The lower half of a cupcake, on the other hand, is often even worse than the upper half. I would estimate that at least 90 percent of all cupcakes in existence (this statistic is supported by no concrete data whatsoever, so you’ll have to trust me on this) possess a cake layer that is, if not flavorless, at least as dry as a desert. While I do not prefer cake myself, I have nothing against an honest, pure slice of cake that you eat on a plate, with none of the inconveniences of a “portable” cupcake and the possibility of easily accessible frosting in every bite. Normal cake, unlike a cupcake, does not attempt to hide its flaws beneath a pile of mediocre frosting; it must stand on its own and therefore is often reasonably tasty. In my opinion, dessert should be a pleasant indulgence: if you are going to eat dessert, you might as well make it worthwhile. A mouthful of sweetened crumbs, half of which tumble onto the ground after a single bite, does not count as “worthwhile” — especially since you have no leftover frosting to moisten the mixture if you did not use the “frosting sandwich” method of consumption for the cupcake. Furthermore, the cupcake is inevitably ensconced in a plastic or paper wrapper, which introduces a new level of uncertainty to the process of ingestion. Should you take off the wrapper at the beginning, or only when you cannot eat any more without biting off part of the wrapper? Is the wrapper compostable or recyclable — and how wasteful is this wrapper anyway? To make matters worse, peeling off the wrapper inevitably robs you of a sizable mass of cake. Granted, you may not be missing much on that score, considering the general inferiority of the cake portion.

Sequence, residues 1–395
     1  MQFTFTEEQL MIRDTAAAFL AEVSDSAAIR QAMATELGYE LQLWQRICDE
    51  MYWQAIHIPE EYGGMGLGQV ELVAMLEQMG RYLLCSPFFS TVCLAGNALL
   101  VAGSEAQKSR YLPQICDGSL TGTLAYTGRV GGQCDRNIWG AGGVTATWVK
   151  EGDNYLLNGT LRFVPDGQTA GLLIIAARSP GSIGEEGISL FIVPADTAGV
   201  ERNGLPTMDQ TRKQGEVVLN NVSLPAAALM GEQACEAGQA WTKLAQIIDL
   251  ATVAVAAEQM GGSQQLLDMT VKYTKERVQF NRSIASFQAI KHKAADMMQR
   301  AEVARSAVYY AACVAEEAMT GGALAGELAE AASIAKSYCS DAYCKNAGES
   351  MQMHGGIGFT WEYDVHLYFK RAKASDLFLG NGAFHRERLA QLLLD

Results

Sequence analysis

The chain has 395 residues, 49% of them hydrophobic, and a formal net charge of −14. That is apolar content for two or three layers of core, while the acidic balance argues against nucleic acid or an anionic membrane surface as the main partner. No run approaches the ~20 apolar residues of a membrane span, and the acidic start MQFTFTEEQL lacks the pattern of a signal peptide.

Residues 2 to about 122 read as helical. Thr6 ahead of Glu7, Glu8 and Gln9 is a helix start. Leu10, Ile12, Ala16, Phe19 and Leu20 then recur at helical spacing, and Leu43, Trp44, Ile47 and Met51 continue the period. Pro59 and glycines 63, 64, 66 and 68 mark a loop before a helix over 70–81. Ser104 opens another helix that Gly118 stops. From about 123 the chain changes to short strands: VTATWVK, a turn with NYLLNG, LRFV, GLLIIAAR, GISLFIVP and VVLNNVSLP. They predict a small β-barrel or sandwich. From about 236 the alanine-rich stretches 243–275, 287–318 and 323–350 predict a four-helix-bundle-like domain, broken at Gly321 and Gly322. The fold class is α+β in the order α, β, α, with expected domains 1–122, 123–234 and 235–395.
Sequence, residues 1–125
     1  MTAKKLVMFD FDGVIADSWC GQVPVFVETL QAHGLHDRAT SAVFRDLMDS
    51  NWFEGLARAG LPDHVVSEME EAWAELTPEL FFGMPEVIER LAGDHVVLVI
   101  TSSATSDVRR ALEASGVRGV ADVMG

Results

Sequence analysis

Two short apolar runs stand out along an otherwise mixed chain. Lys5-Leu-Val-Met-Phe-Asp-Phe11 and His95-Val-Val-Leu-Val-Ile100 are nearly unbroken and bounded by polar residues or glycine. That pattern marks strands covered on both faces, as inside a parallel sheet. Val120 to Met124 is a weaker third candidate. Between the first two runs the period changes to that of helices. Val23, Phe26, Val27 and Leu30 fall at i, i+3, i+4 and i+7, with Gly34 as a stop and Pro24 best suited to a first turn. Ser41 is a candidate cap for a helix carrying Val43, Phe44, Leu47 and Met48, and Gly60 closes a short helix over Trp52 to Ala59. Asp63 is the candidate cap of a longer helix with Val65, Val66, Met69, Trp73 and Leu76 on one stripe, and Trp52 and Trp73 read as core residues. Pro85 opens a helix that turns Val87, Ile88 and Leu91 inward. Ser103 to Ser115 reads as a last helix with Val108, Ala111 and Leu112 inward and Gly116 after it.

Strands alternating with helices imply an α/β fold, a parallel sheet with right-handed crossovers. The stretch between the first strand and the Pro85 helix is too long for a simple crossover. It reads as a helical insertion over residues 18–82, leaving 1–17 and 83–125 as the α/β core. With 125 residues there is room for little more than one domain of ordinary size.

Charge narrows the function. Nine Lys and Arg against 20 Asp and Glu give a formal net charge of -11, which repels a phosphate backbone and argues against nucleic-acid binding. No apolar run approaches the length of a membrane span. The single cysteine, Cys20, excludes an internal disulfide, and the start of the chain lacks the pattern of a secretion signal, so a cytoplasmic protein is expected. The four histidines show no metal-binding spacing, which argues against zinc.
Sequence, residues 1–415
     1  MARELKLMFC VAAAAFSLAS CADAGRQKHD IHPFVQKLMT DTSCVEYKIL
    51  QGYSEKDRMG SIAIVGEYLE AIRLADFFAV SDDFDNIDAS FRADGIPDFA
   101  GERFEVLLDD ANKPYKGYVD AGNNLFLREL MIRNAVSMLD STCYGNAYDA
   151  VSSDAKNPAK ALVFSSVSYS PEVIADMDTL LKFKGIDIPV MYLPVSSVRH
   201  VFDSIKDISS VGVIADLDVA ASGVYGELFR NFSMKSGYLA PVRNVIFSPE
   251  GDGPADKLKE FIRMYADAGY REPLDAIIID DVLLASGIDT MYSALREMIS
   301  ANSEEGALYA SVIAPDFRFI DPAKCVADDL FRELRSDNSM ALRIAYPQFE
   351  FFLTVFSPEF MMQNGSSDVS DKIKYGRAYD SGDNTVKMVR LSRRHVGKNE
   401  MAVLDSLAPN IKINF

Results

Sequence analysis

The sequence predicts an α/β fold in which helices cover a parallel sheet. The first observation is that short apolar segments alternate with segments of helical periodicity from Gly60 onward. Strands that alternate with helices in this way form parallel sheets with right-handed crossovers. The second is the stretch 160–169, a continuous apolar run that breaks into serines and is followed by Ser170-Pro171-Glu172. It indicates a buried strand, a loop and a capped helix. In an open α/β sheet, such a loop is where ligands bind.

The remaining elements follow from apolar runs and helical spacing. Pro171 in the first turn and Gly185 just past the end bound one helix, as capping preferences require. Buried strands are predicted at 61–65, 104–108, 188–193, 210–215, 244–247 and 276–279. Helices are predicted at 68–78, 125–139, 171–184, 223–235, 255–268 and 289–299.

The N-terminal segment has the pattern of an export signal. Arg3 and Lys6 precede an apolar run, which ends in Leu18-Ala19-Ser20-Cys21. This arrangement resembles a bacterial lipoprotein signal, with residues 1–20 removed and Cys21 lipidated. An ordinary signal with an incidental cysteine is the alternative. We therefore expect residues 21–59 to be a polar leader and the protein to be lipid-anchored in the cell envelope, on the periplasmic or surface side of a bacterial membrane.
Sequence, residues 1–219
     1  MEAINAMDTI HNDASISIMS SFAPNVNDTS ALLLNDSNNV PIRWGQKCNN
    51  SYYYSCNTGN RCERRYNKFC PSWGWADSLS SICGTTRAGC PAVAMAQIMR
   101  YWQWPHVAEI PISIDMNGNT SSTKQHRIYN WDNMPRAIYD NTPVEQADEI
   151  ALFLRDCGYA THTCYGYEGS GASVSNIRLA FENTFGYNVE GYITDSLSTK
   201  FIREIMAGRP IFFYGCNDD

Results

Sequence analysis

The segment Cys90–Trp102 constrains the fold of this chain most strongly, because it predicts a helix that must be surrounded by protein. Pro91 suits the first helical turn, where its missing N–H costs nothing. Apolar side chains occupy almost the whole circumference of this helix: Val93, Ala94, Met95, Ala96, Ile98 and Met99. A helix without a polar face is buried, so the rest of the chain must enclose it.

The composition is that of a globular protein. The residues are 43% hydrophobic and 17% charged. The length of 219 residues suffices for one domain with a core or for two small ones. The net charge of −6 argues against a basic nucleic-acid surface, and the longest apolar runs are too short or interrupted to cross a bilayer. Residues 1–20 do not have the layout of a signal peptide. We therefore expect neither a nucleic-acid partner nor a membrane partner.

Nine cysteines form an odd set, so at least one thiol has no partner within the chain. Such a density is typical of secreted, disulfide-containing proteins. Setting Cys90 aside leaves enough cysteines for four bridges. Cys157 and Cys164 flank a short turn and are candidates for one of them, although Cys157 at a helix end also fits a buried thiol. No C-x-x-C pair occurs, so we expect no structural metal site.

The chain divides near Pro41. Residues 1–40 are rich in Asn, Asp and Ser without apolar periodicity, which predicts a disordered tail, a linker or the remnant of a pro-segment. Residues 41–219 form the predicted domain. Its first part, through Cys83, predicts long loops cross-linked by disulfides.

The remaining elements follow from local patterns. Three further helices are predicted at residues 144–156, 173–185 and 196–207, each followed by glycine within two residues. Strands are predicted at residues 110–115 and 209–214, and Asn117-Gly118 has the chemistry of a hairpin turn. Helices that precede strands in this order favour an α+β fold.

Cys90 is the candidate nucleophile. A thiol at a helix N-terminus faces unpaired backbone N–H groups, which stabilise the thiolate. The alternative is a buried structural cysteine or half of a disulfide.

Therefore, the cupcake is a veritable host of contradictions. It is supposed to be portable, yet it poses an unseemly amount of dilemmas when you actually attempt to eat the cupcake. It is pleasing to the eye, but the only plausible method of consumption completely destroys that lovely appearance. It is supposed to approximate frosted cake, yet its frosting and cake remain hopelessly isolated, rendering the perfect bite almost impossible. It should be a delicious dessert, yet its components are variously too sweet, too dry, flavorless, messy, crumbly, or a combination of all of these flaws. Cupcakes are like roses: from far away, they seem heavenly and ethereal, promising all manner of wonders. When you approach, they prick you with their ludicrous inedibility. Actually, cupcakes are quite unlike roses in many, many ways, but that’s entirely beside the point. I’m going to blame the bad analogy on the ruinous influence of the cupcake. On a more serious note, I hope you are all taking care of yourselves and your loved ones and that you are somewhere safe and comfortable. I cannot offer anything other than words of support and my best wishes. Wherever you are, however, please practice at least this bit of self-care: choose your dessert wisely. If you need the comfort of sugar and cream and chocolate and butter, by all means seek out a gooey brownie or a bowl of ice cream or a warm slice of apple pie. If you truly crave frosted cake, eat some real cake — or, even better, just a heap of cream cheese frosting. The world of dessert has so much better to offer than the cold comforts of cupcakes.